By Laura Plantinga, PhD, Bernard Jaar, MD, MPH, and C. Barrett Bowling, MD, MSPH

Why are dialysis patients at particular risk for falls?

Studies show that approximately one-quarter of dialysis patients fall every year, meaning that they are about three times more likely to fall in any given year, compared to the general population. While older age certainly plays a role, there are several other factors that put dialysis patients — regardless of age — at higher risk for falls. In fact, most falls probably result from a combination of factors, usually a combination of long-term “predisposing” risk factors and short-term “precipitating” factors. For dialysis patients, predisposing factors include health conditions like nerve damage from diabetes, weakness from heart failure, or poor circulation in the legs and feet due to peripheral arterial disease; reduced vision; long-term medication use; and reduced physical functioning and/or frailty. Precipitating factors include environmental factors in your home or neighborhood (or even in the dialysis clinic); slippery and/or dark conditions; and low blood pressure and dizziness after dialysis or in response to starting a new medication (see PDF of Table).

What are the consequences of falling?

Falls can damage more than just your ego! Of course, not all falls result in injury, but a pattern of even minor falls suggests that there are underlying issues that should be addressed to prevent future falls. Additionally, even minor falls can create a vicious circle, in which frequent falls result in a fear of falling, which can then reduce physical activity and functioning, which then makes future falls — and associated injuries — even more likely. For dialysis patients, falls are more likely to result in broken bones (fractures), since end-stage renal disease is associated with bone mineral metabolism problems that can result in bone softening (osteopenia). Additionally, fractures that do occur may take longer to heal. Falls are also associated with increased risk of other unwanted outcomes, such as emergency room visits, hospital admissions, nursing home admissions, and even death. Therefore, it is critical to address falls and their underlying causes as soon as possible.

What can you do to decrease your risk of falling?

The most important thing you can do to reduce your risk is to report any falls, “near-misses,” or risk factors for falls to your nephrologist, primary care physician, and/or other providers, as appropriate (see Table). While your doctors are likely aware of any major underlying medical conditions, it is unlikely that they will know about gradual changes in vision, physical performance (strength, balance, walking ability), or environmental conditions. Remember that they most often see dialysis patients in the clinic and sitting still, making it hard to distinguish the patient who easily walked unassisted into the dialysis clinic from the patient who needed help getting in and out of the chair. In some cases, it might be helpful to ask the dialysis clinic nurses, social workers, or dietitians if they can help you access services, rather than wait for doctors, whom you may see less frequently. Note that most of the sources of help listed are at least partially covered by Medicare; your social worker can also help navigate these issues.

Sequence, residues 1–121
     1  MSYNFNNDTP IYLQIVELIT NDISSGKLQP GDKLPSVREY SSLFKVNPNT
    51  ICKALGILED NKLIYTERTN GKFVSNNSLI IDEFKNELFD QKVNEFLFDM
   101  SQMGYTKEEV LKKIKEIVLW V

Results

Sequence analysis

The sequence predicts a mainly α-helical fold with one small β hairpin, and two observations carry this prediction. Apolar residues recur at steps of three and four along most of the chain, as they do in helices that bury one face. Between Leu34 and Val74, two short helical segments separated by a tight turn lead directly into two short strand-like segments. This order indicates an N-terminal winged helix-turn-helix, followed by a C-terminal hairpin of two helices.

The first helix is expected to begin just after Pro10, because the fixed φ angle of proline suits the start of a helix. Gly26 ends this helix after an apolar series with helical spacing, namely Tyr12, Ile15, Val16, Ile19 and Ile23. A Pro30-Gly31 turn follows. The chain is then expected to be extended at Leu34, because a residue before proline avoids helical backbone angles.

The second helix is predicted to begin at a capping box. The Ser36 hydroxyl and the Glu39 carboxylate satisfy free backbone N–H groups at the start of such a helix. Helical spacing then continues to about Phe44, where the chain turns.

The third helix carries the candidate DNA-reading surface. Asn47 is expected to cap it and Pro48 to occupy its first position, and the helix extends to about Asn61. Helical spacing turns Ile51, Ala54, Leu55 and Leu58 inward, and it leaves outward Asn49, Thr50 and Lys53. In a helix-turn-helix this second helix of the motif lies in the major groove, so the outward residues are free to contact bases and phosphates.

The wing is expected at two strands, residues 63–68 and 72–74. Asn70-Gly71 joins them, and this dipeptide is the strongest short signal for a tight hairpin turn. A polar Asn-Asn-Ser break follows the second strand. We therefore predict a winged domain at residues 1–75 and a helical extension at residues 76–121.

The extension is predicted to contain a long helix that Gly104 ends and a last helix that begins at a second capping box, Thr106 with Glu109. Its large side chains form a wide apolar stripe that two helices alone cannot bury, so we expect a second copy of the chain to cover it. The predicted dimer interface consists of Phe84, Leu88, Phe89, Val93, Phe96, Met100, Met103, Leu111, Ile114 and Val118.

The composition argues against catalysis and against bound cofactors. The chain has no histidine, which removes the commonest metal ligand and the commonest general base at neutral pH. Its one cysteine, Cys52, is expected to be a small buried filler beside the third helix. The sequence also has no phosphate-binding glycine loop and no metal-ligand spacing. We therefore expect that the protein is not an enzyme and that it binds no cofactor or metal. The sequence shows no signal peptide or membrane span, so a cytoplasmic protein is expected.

While falls assessment is common in geriatric medicine, it is rarely done by busy dialysis clinic providers, who have many competing demands on their time. Thus, advocating for personalized, effective falls prevention for yourself or loved one is important. Preventing falls will help you or your loved one maintain and maximize quality of life and independence.


Laura Plantinga is an epidemiologist and health services researcher at Emory University in Atlanta, Georgia, whose work primarily focuses on improving the equity, quality, and patient-centeredness of U.S. dialysis care. Bernard Jaar is a nephrologist and clinical researcher at Johns Hopkins University in Baltimore, Maryland. He serves as the medical director of a dialysis clinic and his research interests include epidemiologic studies of chronic kidney disease and end-stage renal disease and their related complications. C. Barrett Bowling is a geriatrician at the Durham Veterans Affairs Geriatric Research Education and Clinical Center, Durham Veterans Affairs Medical Center (VAMC), and Duke University, Durham, North Carolina, whose research focuses on patient-centered care that optimizes function and quality of life over traditional disease-based approaches, particularly in patients with chronic kidney disease.